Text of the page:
Characterisation, determinants, mechanisms and consequences of the long-term effects of COVID-19

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Characterisation, determinants, mechanisms and consequences of the long-term effects of COVID-19: providing the evidence base for health care services is a Long COVID research study first announced in February 2021.[1][2]

Aims[edit | edit source]

This project aims toprovide an evidence base for healthcare services to define what ‘Long-COVID’ is and improve diagnosis".[1][2]

Overview[edit | edit source]

It will address:

  • why some people get Long COVID
  • the typical effects of Long COVID on patient's health
  • effects of Long COVID on patient's ability to work
  • factors affecting recovery
  • how best to make sure patients are able to access the right treatment and support through the National Health Service[1]

Data from more than 60,000 people will be used, including anonymised health records.

  • A smaller groups of patients with Long COVID and similarly matched comparison groups will wear wristbands measuring exercise capacity, breathing, and heart rate, and complete online questionnaires on mental health and cognitive function. These groups will also have non-invasive imaging to assess for possible organ damage, including imaging the brain, lungs and heart.[1][2]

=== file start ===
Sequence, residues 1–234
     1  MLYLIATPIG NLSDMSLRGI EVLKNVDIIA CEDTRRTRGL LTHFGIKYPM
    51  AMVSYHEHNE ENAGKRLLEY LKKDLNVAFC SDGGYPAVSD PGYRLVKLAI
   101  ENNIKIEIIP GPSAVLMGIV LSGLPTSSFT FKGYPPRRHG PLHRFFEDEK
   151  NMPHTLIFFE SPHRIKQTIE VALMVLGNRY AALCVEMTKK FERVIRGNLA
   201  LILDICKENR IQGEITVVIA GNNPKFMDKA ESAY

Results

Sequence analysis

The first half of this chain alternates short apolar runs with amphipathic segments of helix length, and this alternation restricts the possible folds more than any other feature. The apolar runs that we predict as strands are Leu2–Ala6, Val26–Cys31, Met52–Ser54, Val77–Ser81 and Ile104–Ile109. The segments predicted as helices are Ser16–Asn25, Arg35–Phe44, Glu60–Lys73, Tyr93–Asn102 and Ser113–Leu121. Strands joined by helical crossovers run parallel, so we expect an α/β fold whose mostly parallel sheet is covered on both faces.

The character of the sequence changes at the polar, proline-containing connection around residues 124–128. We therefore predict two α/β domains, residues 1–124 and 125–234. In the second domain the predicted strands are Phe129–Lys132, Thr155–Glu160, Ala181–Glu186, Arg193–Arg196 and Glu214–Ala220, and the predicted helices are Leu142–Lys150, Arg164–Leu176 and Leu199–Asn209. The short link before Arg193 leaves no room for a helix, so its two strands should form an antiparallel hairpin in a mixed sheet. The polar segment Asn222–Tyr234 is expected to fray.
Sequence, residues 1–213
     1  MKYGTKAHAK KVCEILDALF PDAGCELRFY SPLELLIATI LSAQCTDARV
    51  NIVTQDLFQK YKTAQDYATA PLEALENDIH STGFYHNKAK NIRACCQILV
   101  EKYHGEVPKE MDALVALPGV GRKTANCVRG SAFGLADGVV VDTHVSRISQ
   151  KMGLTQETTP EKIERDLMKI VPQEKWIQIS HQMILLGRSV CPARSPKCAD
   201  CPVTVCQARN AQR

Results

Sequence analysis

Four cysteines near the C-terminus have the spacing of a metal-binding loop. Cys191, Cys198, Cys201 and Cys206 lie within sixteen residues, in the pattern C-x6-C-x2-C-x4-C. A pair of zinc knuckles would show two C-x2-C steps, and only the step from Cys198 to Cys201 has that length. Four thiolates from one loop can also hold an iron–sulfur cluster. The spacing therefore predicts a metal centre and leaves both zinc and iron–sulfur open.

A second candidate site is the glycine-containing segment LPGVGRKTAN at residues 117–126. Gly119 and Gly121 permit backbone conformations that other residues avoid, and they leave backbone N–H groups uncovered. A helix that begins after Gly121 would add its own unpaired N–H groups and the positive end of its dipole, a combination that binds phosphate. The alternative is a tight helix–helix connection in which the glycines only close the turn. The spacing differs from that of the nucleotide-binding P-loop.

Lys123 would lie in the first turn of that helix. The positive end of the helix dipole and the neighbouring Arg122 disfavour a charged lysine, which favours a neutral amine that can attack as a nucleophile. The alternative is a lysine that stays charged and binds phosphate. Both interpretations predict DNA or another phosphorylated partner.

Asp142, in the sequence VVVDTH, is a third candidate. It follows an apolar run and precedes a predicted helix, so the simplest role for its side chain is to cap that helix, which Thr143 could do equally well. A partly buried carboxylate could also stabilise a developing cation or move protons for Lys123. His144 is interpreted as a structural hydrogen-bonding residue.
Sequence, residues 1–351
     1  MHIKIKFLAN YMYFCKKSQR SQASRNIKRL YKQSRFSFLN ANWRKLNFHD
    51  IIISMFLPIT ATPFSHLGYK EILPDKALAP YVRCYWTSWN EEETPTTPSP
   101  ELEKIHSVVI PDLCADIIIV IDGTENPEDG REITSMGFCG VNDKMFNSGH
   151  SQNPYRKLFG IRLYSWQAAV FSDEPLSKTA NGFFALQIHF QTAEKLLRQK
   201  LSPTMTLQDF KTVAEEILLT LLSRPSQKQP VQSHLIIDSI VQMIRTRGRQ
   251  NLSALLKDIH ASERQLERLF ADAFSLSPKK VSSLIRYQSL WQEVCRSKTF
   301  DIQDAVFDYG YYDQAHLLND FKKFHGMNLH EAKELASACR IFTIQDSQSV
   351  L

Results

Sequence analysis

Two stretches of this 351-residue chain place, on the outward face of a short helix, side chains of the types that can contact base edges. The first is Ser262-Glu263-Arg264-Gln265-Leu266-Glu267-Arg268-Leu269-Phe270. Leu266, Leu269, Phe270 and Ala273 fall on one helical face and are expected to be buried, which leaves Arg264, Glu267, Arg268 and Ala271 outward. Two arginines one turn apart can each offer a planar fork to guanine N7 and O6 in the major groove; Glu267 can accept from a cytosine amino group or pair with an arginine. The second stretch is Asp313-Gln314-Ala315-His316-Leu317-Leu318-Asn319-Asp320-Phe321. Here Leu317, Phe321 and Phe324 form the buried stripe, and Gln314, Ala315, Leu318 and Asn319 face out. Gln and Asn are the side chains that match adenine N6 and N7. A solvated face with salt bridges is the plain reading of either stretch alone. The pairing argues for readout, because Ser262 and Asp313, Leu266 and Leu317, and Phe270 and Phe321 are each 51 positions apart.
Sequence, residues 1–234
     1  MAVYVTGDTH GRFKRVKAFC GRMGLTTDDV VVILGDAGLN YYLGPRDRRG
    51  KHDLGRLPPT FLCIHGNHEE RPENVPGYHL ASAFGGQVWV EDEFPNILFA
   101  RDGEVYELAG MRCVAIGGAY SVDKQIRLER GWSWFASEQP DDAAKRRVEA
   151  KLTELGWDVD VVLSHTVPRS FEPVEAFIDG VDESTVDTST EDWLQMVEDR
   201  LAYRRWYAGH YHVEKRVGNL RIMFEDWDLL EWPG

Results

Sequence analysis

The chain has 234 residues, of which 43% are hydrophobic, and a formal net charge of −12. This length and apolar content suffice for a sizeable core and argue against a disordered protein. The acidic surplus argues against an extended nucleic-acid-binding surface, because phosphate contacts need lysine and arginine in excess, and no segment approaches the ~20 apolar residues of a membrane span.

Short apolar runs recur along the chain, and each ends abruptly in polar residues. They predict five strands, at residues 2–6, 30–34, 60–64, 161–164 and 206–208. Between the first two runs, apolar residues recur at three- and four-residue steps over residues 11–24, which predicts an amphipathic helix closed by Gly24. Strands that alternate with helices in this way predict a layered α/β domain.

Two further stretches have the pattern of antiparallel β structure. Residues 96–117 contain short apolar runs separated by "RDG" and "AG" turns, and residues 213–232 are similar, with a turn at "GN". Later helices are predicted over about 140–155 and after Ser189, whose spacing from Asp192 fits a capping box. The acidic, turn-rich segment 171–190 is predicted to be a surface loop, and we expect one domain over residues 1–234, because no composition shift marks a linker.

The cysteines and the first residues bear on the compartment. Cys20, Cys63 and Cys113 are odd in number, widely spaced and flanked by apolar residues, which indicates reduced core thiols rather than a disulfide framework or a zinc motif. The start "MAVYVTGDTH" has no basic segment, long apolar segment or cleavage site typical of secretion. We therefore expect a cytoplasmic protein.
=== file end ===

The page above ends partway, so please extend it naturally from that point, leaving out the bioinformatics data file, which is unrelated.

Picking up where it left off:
Talks and interviews[edit | edit source]

Funding[edit | edit source]

£9.6 million over three years.[1]

Results[edit | edit source]

None published yet.

Criticism[edit | edit source]

Investigators[edit | edit source]

See also[edit | edit source]

Learn more[edit | edit source]

References[edit | edit source]

  1. 1.01.11.21.31.4 "UCL researchers lead £11m projects to investigate Long Covid". University College London. February 17, 2021. Retrieved March 1, 2021.
  2. 2.02.12.22.3 "£9.6 million for UCL 'long Covid' research". UCLH Biomedical Research Centre. 2021. Retrieved March 1, 2021.
  3. UCL (January 29, 2019). "Nishi Chaturvedi". UCL Research Domains. Retrieved March 1, 2021.

heart rate (HR) - the number of times the heart beats within a certain time period, usually a minute.

The information provided at this site is not intended to diagnose or treat any illness.
From MEpedia, a crowd-sourced encyclopedia of ME and CFS science and history.